LINGUIST List 12.1768

Mon Jul 9 2001

Calls: Minority Linguistics, Genericity Workshop

Editor for this issue: Karen Milligan <>

As a matter of policy, LINGUIST discourages the use of abbreviations or acronyms in conference announcements unless they are explained in the text.


  1. Keith Johnson, Minority Linguistics
  2. Hans-J�rgenSasse, Workshop on Genericity

Message 1: Minority Linguistics

Date: Fri, 06 Jul 2001 07:24:22 -0400 (EDT)
From: Keith Johnson <>
Subject: Minority Linguistics

Call for abstracts

Deadline: September 30, 2001

Workshop "Minority Linguistics" 

Paulilatino (Sardinia-Italy)
December 6-8, 2001

A workshop on "minority linguistics" will take place on December 6-8
2001, at Paulilatino (Sardinia-Italy). The purpose of the workshop is
to create a European network of scholars from different branches of
linguistics who are also speakers of lesser-used languages. The main
task of this "native-linguist" network would be that of stimulating
the autonomous development of new theoretical, sociolinguistic and
didactic instruments necessary for an effective policy of preservation
of non-dominant languages. The resulting approach to this issue would
offer an insider's point of view with respect to language
preservation, while favouring also a much closer contact between
linguists and non-dominant linguistic communities in Europe.

These purposes are largely complementary to those of existing European
organisations and programs, such as EBLUL and Mercator. The main
concern of the network of "native linguists" will be that of
stimulating and supporting the non-dominant linguistic communities in
Europe in the necessary development of a "view from below" with
respect to linguistic diversity, and the related technical tools. At
the same time, contacts with similar networks outside Europe will be
sought and stimulated. The creation and maintenance of such a network
of "native" linguists, involving European citizens who speak a lesser
used language, would require a regular exchange of insights, knowledge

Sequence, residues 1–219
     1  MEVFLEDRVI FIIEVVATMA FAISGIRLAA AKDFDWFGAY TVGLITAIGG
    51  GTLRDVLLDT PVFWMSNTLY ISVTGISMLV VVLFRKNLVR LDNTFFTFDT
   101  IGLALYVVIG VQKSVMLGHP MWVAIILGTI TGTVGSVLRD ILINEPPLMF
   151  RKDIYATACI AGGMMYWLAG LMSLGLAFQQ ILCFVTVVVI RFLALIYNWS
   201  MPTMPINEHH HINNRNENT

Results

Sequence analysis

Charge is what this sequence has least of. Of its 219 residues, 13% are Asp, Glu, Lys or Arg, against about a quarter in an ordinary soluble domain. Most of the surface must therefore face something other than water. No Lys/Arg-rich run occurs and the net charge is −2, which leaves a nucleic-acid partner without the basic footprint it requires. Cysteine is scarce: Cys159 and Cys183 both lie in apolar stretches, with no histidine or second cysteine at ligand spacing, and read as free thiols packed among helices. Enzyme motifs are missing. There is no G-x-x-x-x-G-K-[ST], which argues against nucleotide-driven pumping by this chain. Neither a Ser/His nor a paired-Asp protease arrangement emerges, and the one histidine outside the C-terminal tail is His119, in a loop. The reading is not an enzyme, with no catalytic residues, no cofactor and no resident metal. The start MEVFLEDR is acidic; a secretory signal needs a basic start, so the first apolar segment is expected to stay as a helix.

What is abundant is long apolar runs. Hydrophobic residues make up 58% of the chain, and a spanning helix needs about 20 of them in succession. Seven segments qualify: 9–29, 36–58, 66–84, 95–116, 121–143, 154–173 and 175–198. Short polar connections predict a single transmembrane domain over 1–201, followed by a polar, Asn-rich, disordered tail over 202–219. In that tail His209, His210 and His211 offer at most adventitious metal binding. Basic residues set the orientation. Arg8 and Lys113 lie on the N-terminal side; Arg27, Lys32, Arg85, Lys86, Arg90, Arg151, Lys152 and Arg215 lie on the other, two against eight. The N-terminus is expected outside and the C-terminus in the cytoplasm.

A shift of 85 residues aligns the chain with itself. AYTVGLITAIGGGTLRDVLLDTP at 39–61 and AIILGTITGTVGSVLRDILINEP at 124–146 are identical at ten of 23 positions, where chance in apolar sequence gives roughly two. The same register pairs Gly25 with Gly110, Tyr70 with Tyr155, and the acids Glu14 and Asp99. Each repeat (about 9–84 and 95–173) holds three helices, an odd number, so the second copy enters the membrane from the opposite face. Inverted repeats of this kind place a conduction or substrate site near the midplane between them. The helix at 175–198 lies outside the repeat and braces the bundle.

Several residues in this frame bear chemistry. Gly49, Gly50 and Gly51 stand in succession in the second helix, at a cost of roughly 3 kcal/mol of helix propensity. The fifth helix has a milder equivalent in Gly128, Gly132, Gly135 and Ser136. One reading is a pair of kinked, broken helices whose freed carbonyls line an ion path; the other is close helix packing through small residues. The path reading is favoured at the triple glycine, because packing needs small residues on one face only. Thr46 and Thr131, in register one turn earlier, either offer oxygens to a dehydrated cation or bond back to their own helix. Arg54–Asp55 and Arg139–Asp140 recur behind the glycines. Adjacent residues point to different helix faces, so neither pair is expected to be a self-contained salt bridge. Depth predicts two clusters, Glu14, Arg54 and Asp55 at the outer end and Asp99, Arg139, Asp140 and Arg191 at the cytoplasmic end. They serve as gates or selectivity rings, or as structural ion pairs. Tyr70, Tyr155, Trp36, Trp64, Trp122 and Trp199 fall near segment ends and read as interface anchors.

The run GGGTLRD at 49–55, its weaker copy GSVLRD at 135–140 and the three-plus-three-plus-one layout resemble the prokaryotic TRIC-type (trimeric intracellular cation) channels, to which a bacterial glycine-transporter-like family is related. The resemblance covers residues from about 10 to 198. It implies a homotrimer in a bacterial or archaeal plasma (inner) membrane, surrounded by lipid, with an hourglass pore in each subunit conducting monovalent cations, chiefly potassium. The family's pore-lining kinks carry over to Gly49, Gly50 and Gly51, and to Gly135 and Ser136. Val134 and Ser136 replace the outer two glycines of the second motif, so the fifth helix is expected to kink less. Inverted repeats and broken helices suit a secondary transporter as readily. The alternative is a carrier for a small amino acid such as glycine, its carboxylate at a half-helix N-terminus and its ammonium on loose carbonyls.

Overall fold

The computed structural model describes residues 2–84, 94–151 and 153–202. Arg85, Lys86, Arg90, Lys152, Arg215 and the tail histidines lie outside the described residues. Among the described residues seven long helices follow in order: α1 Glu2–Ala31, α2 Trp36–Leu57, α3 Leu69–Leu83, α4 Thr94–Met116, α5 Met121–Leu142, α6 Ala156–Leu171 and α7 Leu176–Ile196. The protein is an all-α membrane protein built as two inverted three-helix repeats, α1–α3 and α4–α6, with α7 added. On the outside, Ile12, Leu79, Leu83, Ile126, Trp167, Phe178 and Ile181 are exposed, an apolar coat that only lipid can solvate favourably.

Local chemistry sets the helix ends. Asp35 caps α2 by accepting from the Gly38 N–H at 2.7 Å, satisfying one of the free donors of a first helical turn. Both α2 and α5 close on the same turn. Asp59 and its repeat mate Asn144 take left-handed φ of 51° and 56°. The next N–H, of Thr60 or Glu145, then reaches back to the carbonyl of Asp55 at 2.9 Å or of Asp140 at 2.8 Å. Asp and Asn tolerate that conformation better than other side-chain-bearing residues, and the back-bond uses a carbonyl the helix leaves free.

and experience between the linguists involved, as well as between the
linguists and their linguistic communities. This exchange of
information can be achieved, on the one hand, by means of an Internet
site (that is, a virtual workshop for "native" linguists")
specifically addressed to the problems of non-dominant languages,
where these problems would be approached in general, as well as in
language-specific terms. On the other hand, the contact between native
linguists must take place by means of (actual) workshops to be held on
a yearly basis, where linguists can meet each other in the flesh and
exchange their opinions beyond the limits imposed by the "virtual"
restrictions of the Internet.

The workshop will last for 3 days. 

"Native" and other linguists dedicated to the preservation of lesser-used 
languages operating within Europe are invited to present papers on 

 3.the reproduction and promotion of non-dominant languages; 
 5.the sociolinguistic situation typical of their languages. 

The workshop will consist of the following parts: 

 Description: broadening the empirical basis of the debate and
improving the description of non-dominant languages

The papers to be presented in this section should focus on the
practical and methodological problems related to the description of
insufficiently described languages, which have only recently been
standardised, or not at all.

 Standardisation: establishing from which point in the
variety-continuum linguistic diversity should be accepted. Is
standardisation always necessary?

In the existing and expanding context of multilingualism, non-dominant
languages can seriously compete with other languages by remaining
fundamentally the main medium to express a rather precisely defined
and concrete sort of identity. This identity ought to respect and
reflect, in as far as this is practically achievable, the natural
dialectal diversity of a linguistic community.

 Reproduction and Promotion: educating people to accept their own
difference from others, while appreciating other people's diversity

The papers to be presented in this section should concentrate on the
fact that, in the present multilingual situation, one uses a